Crash and Return

Dislocated Shoulder

Mar 1, 2006
Outside Magazine

» Dislocated Shoulder
When paddlers panic, they usually start throwing their hands over their head and reaching out for as much water as possible with their paddle to prevent themselves from rolling over. It's at this point that the torque of pounding water on a paddle coupled with a hyperextended arm can pop the upper arm out of the shoulder socket. "Over 25 years, I've seen this injury scenario more than any other by a magnitude of ten," says Chris Hipgrave, director of Olympic programs for USA Canoe and Kayak. In addition to paddlers, climbers and martial artists regularly risk hearing the dreaded pop of a shoulder gone AWOL.

TREATMENT: "Assuming you don't need surgery for torn ligaments, you'll be in a sling for three weeks and definitely not back in a boat for at least two months," says Stephen Gunther, team physician for the U.S. kayak squad. After the sling comes off, "you've got to strengthen and tighten the rotator-cuff muscles to hold your shoulder in its socket and prevent additional dislocations," he says. Get the job done with shoulder rotations. Stand perpendicular to a closed door, right shoulder closest to the doorknob. Wrap a bungee cord around the knob and hold it with your left hand. Keeping your left elbow bent 90 degrees, tucked into your side, and your forearm parallel to the ground, sweep the cord from right to left as far as possible. Then face the opposite direction, grab the cord with your left hand again, and sweep it from left to right. Switch arms to strengthen your other shoulder. Start with one set of 15 reps and work up to five sets.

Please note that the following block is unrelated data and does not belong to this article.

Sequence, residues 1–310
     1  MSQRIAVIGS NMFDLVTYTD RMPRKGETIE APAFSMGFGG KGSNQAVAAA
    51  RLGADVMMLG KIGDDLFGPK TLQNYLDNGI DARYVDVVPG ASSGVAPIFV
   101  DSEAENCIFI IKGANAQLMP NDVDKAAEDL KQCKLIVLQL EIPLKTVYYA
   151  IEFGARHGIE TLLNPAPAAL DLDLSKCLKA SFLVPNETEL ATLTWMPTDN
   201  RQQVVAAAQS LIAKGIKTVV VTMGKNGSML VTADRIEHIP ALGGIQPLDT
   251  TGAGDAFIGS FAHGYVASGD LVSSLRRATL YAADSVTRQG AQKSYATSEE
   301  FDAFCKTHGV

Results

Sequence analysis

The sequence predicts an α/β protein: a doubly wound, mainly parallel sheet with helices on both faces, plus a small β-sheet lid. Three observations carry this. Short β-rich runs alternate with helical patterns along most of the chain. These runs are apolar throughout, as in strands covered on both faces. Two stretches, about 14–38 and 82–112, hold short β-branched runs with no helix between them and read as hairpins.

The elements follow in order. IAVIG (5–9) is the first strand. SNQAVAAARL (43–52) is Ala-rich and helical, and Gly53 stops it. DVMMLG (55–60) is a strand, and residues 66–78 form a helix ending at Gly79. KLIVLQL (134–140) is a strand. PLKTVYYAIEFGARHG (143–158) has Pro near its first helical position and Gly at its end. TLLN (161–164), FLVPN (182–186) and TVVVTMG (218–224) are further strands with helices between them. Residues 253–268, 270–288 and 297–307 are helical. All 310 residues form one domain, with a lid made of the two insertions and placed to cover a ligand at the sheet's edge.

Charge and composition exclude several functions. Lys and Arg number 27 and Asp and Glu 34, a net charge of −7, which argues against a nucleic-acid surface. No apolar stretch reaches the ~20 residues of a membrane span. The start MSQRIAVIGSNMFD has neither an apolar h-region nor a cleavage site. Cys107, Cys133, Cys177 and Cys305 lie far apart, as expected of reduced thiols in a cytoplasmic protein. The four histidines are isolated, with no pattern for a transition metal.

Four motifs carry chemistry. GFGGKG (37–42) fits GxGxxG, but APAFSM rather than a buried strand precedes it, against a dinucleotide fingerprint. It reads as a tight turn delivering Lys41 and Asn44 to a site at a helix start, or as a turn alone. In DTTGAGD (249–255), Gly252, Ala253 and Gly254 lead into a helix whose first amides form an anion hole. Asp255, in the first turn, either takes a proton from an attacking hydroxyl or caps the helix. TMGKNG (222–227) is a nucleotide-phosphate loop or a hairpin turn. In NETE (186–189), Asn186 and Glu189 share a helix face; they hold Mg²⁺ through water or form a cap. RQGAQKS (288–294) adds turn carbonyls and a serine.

PREVENTION: "When things start going bad," says Hipgrave, "think about keeping your elbows tucked in and extending your torso as you reach out."

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